A popular lecturer of economics at Cambridge University and editor of the Economic Journal, Keynes made The Economic Consequences of the Peace a major step in his career. It was translated into a dozen languages and sold 100,000 copies in six months. Taken seriously even by those who were opposed to his claims, the book helped lift economics to a new, higher level of recognition and acceptance. This volume, with its insightful portraits of Lloyd George, Georges Clemenceau, and Woodrow Wilson, remains one of the great works of political economy of our time.
In a penetrating introduction written for this new edition, David Felix explores Keynes' reasons for writing the book, analyzes the author's arguments, and paints an historical backdrop of the period during which it was written.
"The most important economic document relating to World War I and its aftermath."--John Kenneth Galbraith
"This is a very great book. Mr. Keynes writes with a fullness of knowledge, an incisiveness of judgment, and a penetration into the ultimate causes of economic events. The style is like finely hammered steel. It is full of unforgettable phrases and of vivid portraits etched in the biting acid of a passionate moral indignation."--H. J. Laski, The Nation
John Maynard Keynes (1883-1946) was one of the greatest economic theorists of the twentieth century. He was chairman of the liberal journal of opinion The Nation and economics advisor for more than thirty years to British governments. He wrote several books, including his masterpiece, The General Theory of Employment, Interest and Money, the two-volume Treatise on Money, and A Tract on Monetary Reform.
David Felix is professor of history emeritus at the City University of New York. His books include Biography of an Idea: John Maynard Keynes and The General Theory of Employment, Interest and Money and Keynes: A Critical Life.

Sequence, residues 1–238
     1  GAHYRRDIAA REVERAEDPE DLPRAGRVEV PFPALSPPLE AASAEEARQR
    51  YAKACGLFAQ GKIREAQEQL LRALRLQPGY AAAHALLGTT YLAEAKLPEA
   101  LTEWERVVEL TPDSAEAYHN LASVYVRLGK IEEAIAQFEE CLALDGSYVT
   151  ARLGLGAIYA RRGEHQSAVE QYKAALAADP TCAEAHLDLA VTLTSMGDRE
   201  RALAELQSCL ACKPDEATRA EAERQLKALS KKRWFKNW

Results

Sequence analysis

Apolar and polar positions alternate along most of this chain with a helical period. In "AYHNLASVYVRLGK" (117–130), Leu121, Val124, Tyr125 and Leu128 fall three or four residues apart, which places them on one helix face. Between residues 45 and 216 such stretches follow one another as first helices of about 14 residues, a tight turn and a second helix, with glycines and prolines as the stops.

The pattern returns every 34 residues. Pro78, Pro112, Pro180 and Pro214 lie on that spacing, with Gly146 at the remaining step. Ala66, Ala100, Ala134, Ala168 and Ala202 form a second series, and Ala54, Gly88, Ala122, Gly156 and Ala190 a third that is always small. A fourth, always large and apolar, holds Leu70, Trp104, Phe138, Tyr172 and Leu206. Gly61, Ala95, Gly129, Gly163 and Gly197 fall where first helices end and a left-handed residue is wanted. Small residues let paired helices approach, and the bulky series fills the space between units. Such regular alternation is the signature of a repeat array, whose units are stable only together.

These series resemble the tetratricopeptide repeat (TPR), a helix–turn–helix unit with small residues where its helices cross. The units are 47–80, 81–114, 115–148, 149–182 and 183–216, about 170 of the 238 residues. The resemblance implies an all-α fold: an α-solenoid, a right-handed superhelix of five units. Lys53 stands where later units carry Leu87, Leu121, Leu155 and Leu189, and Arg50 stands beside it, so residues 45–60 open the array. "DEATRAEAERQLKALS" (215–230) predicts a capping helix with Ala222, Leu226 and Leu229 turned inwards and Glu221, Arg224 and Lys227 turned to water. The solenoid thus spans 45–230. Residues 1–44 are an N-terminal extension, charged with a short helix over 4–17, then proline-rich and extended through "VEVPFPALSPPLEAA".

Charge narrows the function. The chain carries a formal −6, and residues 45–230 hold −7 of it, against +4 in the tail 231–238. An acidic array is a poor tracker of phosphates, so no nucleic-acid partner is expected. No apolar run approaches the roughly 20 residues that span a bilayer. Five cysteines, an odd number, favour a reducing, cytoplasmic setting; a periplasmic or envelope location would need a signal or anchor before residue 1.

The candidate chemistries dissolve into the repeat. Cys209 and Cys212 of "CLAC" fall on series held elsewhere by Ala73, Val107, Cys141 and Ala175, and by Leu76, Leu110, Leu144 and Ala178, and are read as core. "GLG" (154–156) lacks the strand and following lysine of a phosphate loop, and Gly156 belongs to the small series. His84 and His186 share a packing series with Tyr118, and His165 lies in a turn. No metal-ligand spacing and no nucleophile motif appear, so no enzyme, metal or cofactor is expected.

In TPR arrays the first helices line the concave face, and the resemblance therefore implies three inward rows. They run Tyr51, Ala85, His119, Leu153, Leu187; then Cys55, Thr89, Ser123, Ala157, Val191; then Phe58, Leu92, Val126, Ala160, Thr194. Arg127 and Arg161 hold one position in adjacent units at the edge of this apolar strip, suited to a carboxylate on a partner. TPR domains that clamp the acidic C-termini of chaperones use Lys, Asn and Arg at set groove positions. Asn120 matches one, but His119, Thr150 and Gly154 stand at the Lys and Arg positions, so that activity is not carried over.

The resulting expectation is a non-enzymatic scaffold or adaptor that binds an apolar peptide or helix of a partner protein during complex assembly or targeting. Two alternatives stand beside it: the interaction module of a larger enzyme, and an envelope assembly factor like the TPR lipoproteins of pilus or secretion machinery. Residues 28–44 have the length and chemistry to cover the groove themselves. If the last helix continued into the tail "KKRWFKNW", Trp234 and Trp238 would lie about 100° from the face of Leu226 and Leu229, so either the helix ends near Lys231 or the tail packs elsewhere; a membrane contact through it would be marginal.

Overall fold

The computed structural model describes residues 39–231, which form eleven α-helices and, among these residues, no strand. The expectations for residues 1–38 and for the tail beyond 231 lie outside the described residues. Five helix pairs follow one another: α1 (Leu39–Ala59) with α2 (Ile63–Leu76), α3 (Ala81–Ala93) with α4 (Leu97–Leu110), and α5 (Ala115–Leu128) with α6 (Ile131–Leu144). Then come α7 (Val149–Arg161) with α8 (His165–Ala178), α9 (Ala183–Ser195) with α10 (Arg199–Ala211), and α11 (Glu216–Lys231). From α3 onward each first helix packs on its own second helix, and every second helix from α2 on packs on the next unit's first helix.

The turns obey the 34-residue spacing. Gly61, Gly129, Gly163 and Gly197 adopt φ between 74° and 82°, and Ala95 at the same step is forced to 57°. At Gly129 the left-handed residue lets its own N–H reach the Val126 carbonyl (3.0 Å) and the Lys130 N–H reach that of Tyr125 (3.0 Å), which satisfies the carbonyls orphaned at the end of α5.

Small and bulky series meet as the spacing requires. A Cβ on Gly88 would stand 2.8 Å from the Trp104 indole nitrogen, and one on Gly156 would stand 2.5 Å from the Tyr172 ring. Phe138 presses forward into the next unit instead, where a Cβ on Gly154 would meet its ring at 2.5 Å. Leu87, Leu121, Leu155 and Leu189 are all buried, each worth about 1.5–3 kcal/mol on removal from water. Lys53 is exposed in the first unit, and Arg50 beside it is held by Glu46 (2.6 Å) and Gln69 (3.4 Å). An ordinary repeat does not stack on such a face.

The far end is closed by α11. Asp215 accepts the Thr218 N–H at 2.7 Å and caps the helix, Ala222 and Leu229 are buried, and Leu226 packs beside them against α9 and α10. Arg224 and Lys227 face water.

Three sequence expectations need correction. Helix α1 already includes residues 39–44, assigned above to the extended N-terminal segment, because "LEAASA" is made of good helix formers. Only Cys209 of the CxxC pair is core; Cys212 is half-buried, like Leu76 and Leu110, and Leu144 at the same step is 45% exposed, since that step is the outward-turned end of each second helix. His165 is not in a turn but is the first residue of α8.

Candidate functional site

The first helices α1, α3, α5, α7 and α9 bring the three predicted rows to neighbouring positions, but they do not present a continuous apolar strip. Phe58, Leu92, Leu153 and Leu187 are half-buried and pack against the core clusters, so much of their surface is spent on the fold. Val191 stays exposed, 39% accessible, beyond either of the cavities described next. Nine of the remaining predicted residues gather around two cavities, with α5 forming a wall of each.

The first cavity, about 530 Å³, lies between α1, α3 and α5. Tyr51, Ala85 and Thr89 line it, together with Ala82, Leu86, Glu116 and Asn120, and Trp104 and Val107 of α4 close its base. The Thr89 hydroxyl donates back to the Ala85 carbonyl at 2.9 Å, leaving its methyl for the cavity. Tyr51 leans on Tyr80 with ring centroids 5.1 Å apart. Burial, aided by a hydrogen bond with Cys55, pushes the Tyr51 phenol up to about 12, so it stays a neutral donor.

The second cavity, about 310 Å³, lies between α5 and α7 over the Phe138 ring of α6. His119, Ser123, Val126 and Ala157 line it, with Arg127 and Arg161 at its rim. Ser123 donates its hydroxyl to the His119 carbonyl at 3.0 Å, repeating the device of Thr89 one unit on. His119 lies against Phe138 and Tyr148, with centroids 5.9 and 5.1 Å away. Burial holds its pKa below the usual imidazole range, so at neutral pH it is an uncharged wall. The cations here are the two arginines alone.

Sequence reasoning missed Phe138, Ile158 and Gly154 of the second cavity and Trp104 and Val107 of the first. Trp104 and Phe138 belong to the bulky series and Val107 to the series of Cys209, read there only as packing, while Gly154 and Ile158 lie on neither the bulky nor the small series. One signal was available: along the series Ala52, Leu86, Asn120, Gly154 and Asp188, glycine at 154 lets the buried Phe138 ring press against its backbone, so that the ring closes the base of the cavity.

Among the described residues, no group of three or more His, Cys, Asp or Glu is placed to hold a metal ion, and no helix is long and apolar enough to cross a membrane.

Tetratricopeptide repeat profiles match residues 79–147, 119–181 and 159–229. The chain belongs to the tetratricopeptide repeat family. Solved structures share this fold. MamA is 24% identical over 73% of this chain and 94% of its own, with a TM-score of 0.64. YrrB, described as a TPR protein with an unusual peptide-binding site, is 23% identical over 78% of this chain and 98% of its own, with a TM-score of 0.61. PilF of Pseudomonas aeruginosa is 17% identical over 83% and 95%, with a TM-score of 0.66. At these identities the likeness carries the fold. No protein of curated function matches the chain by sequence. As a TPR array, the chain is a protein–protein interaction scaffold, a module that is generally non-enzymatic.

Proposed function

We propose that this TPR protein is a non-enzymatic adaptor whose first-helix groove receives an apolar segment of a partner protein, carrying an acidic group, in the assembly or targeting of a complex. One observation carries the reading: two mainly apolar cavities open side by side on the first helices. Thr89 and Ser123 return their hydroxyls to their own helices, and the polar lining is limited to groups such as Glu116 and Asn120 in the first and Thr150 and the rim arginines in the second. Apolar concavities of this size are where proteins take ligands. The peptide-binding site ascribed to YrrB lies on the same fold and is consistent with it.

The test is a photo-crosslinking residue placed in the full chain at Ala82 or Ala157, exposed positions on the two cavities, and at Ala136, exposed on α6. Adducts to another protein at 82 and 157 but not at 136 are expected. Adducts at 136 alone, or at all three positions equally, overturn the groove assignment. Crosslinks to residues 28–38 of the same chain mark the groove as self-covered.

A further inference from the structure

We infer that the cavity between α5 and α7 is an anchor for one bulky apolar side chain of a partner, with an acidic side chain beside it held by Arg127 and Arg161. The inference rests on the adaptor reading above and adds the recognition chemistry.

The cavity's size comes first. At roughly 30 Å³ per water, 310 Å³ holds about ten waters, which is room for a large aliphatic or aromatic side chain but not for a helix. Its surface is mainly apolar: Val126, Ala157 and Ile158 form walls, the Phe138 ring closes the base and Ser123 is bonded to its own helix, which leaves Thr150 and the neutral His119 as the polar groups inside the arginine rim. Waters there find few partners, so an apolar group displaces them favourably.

The Triple Entente went hand in hand with two policies of Stolypin, the Chairman of the Council of Ministers: draconian repression of the revolutionaries and sweeping domestic reforms. Acutely aware that serious failures in foreign policy would threaten the regime's existence, the imperial government designed both its foreign and its domestic policies to consolidate the autocracy for the twentieth century. Nicholas II gambled on the Triple Entente and its diplomatic alignment with the other two status-quo powers as the best means of preserving the peace in Europe and thereby preserving the imperial system as well.
Challenging the view that the 20th century will be viewed by future historians as ranging from approximately 1914 to 1992, Willmott offers this volume as a counter to modern historiography which, he contends, is obsessed with micro-analysis and has lost vital context and perspective. Arguing that war is not the preserve of the intellect, and that it is neither intrinsically rational nor scientific, Willmott depicts war as a manmade phenomenon, complete with all the elements of human failure, misjudgment, and incompetence. He concludes with a consideration of modern doctrine and predictions for the future of war.
During initial stages of the conflict, the French were the enemy at sea. Later, Italy switched allegiances, joining the Entente against her former allies. Because the KuK Kriegsmarine was no match for the Italians and the French combined, the battle fleet was thereafter kept in being at Pola, holding the Allies in check. Nonetheless, the Adriatic became an Austrian lake. Using aircraft, U-boats, torpedoes, and mines, the KuK worked toward reducing the odds against it. However, the impasse would continue until the armistice, ruling out a Mahanian showdown in the Adriatic. Koburger provides important geostrategic points of comparison and valuable lessons for other conflicts, even today.